Sci. STKE, 23 September 2003
PHARMACOLOGY Putting Synapses to Sleep
Despite a century of clinical use, the mechanism by which the lipid-soluble inhalation anesthetics alter synaptic transmission remains unknown. Fang et al. show that halothane, isoflurane, and sevoflurane dose dependently inhibited the interaction between the synaptic scaffold PSD-95 and neuronal nitric oxide synthase (nNOS) and between PSD-95 and N-methyl-D-aspartate (NMDA) receptor subunits NR2A and NR2B. Inhalation anesthetics disrupted the interactions detected by yeast two-hybrid assays, glutathione-S-transferase pull-down assays, and coimmunoprecipitation assays. Surface plasmon resonance assays indicated that the affinity of the interactions was unchanged, but that fewer binding sites were available in the presence of halothane. (This effect was specific to inhalation anesthetics because ethanol did not alter binding.) Finally, nuclear magnetic resonance chemical shift perturbation analysis mapped the halothane binding site on the second PDZ domain of PSD-95 to the same hydrophobic groove that is the binding site for nNOS and the NMDA receptor.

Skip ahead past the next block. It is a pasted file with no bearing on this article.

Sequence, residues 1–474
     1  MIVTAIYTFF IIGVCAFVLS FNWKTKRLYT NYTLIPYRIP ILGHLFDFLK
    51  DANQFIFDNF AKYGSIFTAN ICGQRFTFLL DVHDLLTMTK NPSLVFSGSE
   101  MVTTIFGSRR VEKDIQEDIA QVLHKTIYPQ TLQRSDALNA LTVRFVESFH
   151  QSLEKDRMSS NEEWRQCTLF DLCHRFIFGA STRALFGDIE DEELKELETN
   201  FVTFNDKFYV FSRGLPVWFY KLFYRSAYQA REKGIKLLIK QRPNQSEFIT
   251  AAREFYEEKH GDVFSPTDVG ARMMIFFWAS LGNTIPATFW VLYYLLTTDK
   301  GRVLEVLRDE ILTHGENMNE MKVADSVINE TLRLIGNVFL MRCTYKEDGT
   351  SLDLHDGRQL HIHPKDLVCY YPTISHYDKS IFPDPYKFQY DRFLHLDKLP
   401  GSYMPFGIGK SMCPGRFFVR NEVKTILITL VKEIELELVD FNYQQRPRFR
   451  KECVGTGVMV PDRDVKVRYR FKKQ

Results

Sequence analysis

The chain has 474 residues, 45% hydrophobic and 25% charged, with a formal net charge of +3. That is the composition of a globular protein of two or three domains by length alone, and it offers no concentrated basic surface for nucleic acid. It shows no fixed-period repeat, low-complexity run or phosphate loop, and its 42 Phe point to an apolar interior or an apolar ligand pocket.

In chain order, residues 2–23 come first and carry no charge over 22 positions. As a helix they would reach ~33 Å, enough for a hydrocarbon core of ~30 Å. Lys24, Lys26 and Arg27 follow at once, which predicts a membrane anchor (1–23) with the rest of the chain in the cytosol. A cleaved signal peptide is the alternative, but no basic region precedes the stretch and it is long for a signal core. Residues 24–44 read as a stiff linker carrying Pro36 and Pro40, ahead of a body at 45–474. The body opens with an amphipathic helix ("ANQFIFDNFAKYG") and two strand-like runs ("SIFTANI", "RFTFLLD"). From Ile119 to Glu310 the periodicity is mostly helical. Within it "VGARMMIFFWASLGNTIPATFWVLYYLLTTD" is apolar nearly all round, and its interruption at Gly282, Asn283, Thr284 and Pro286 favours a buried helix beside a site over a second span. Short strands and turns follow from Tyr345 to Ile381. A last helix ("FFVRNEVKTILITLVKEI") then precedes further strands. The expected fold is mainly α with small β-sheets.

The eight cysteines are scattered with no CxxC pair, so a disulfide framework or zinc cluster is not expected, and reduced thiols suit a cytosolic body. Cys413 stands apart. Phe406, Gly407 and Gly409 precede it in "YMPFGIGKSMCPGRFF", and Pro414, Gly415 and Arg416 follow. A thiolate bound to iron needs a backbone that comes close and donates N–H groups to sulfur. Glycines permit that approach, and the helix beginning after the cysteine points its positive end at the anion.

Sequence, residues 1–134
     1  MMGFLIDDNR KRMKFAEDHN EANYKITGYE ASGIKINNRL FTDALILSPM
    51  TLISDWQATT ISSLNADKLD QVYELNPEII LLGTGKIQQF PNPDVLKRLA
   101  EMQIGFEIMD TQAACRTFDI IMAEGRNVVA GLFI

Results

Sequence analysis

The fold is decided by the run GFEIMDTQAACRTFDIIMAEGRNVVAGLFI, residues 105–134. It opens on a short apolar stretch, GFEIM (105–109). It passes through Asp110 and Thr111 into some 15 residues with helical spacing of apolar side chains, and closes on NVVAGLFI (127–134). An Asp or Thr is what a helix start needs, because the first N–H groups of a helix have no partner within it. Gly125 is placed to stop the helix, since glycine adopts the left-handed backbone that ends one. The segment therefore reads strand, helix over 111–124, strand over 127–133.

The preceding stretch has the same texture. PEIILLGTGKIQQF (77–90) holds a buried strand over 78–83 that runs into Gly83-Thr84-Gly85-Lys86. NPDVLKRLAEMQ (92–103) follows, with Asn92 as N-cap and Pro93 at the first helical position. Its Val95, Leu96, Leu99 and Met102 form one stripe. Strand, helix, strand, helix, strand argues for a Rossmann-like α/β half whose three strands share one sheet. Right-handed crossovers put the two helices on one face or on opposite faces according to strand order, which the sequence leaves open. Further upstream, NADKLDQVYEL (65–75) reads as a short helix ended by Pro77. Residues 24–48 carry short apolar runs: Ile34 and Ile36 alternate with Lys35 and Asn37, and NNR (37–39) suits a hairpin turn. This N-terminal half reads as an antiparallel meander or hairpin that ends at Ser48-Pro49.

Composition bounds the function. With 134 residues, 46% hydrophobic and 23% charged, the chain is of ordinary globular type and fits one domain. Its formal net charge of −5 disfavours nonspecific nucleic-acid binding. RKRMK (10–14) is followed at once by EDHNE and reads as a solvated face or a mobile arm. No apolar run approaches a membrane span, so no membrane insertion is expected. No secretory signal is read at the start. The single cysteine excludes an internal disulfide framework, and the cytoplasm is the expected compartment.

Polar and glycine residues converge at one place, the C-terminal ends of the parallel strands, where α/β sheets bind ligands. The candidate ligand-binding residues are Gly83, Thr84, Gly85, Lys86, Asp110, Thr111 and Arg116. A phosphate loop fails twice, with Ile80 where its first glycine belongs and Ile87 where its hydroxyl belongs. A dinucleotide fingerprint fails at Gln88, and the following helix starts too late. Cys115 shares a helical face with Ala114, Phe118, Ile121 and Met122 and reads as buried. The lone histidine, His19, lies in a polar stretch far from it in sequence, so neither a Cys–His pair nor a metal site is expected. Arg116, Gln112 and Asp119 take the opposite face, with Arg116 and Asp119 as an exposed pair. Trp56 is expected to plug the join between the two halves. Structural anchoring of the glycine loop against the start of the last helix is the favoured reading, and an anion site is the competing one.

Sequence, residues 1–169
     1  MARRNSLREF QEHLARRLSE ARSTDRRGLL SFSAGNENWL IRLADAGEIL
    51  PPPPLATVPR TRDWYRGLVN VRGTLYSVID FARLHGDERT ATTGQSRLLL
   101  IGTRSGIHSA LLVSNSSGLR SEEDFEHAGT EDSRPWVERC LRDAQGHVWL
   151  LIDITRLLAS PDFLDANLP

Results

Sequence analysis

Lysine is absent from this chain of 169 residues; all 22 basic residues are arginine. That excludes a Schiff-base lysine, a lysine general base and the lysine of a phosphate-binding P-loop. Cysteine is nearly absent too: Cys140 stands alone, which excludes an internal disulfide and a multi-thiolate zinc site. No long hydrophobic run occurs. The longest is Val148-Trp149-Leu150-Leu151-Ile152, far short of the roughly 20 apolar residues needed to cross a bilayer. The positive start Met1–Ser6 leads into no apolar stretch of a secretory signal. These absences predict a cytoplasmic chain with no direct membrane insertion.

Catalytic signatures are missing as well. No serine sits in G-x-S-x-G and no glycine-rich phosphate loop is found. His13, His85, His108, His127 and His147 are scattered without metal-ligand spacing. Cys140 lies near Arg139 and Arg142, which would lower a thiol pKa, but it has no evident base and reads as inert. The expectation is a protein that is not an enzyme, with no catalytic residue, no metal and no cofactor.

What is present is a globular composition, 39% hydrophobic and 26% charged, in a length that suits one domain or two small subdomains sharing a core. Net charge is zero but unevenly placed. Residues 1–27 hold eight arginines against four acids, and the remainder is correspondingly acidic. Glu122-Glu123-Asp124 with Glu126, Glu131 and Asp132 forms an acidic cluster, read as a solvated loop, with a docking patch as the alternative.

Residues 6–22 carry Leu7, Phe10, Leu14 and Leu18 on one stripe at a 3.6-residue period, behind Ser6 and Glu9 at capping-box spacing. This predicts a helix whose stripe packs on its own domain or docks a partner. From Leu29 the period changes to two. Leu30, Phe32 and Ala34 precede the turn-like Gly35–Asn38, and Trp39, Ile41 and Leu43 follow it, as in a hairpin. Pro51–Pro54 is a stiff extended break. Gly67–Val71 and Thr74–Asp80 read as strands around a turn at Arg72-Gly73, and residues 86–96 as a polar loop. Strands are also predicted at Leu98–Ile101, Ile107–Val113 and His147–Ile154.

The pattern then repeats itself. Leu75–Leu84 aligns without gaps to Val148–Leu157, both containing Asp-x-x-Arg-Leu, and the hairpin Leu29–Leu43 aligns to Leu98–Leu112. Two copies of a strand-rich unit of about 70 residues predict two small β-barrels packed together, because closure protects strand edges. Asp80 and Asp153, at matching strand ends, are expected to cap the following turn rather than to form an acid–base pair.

M. Fang, Y.-X. Tao, F. He, M. Zhang, C. F. Levine, P. Mao, F. Tao, C.-L. Chou, S. Sadegh-Nasseri, R. A. Johns, Synaptic PDZ domain-mediated protein interactions are disrupted by inhalational anesthetics. J. Biol. Chem. 278, 36669-36675 (2003). [Abstract] [Full Text]
Citation: Putting Synapses to Sleep. Sci. STKE 2003, tw373 (2003).
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